Neo-Brutalism in Web Design

by | Jun 3, 2024 | Web Design

Brutalism 2.0: Why the Web’s Ugliest Trend Is Back (With a Makeover)

Remember Geocities? The garish colors, clashing fonts, and general pixelated chaos of early websites were the epitome of “so bad, it’s good” design. But there was also something undeniably bold, even raw, about it. That aesthetic spirit is having a moment… with some major refinements, thankfully.

Dubbed by some as “Neo-Brutalism,” this trend takes cues from the brutalist architectural movement: heavy forms, raw textures, and an emphasis on functionality. But unlike the harsh, concrete-heavy buildings Brutalism is known for, the website version is embracing brutalist elements with a sense of intention and sophistication.

Why Brutalism… Again?

Web design trends in recent years have leaned heavily into minimalism, clean lines, and a focus on seamless user experiences. While that’s created a more standardized (and often beautiful) online world, it’s also led to a certain sameness. Brutalism is the antithesis of this homogenized design. It’s a visceral punch, a rejection of polished perfection in favor of grabbing attention at all costs. In a world overflowing with content vying for our eyeballs, the raw impact of brutalism cuts through the noise.

The focus on clear, bold visuals inherent to Brutalism also has surprising benefits. Websites with high-contrast colors, simple layouts, and uncluttered typography are naturally easier for users to navigate – a major win for accessibility. This means brutalist elements can enhance the experience for people with visual impairments or who are simply overwhelmed by a cluttered digital landscape.

Examples in the Wild

Ezekiel Aquino: This website offers a brilliant Neo-Brutalist experience. Its stark minimalism, raw visuals, and black-and-white palette focus entirely on the core function: dynamically generated music and its notation. This prioritizes impact over user-friendliness, embracing a bold contrast that can be both alienating and unexpectedly beautiful – a hallmark of the Neo-Brutalist approach.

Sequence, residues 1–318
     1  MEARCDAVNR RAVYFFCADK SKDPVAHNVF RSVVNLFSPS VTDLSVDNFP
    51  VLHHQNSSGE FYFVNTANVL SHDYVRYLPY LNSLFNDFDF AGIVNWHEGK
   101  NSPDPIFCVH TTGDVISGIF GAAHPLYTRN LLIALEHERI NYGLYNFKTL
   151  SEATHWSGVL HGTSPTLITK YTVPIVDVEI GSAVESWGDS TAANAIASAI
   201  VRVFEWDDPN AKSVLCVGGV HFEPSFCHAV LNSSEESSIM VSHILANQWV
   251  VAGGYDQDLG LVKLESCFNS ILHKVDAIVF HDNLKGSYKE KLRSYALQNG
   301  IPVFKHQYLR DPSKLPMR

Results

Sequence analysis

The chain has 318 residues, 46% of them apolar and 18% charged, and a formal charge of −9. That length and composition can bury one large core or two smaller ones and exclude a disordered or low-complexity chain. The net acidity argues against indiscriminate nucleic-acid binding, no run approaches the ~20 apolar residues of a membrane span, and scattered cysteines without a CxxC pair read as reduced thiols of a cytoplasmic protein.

Secession: The Secession’s website showcases Neo-Brutalism through its emphasis on text as the primary visual element, with stark scrolling effects and minimalist image presentation. This raw, content-focused approach prioritizes direct communication over visual ornamentation. While its simplicity might seem deceptively replicable, the intentional juxtaposition of text elements creates a sense of boldness and visual tension that aligns with the Brutalist spirit.

Freak Mag: Freak Mag channels Neo-Brutalism through its deliberate chaos. While breaking traditional web design conventions, it maintains a consistent visual language of clashing colors, oversized typography, and bold imagery. This controlled disorder creates an edgy, energetic aesthetic that defies expectations while prioritizing content discoverability, demonstrating the power of intentional execution within a seemingly unpolished Brutalist framework.

Should You Go Brutalist?

Full-blown brutalism is likely too jarring for most brands. Luckily, the trend’s impact can be harnessed with a lighter touch. Here’s how to avoid scaring potential customers:

  • Micro-Brutalism: Instead of overhauling your entire site, choose one or two brutalist-inspired elements to add visual punch. A single stark, almost unfinished-looking headline font can shake things up without causing sensory overload. Consider stark black-and-white photography for a hero image, or use a bold block of color as a background to an important call-to-action.
  • Think Luxury, Not Landfill: The key to making brutalism work is through juxtaposition. Pair those raw elements with elegant touches and ample white space. This keeps it feeling intentional, even sophisticated. Think high-end fashion magazine, not an abandoned building.
  • Know Your Audience: Neo-brutalism is best suited for brands that want to come across as edgy, disruptive, or creatively fearless. If your goal is to feel approachable, warm, or timeless, this likely isn’t the aesthetic for you. Imagine if a law firm, spa, or financial advisor suddenly embraced brutalism – it would clash with the brand promise. But

Brutalism Done Right is Memorable

Whether brutalism makes you cringe or secretly intrigued, there’s no denying its power to stick in your mind. Neo-Brutalism’s resurgence offers a valuable reminder in our visually homogenized internet age: websites don’t need to be traditionally beautiful to be successful. It’s a lesson in embracing the unexpected and understanding how calculated disruption can work in your favor. Even if a full brutalist makeover isn’t right for your brand, the trend encourages experimentation and bold design choices. Its focus on raw visuals and unwavering functionality reminds us that breaking established design rules can pay off – as long as the choices are rooted in strategy, not just a desire to provoke for its own sake.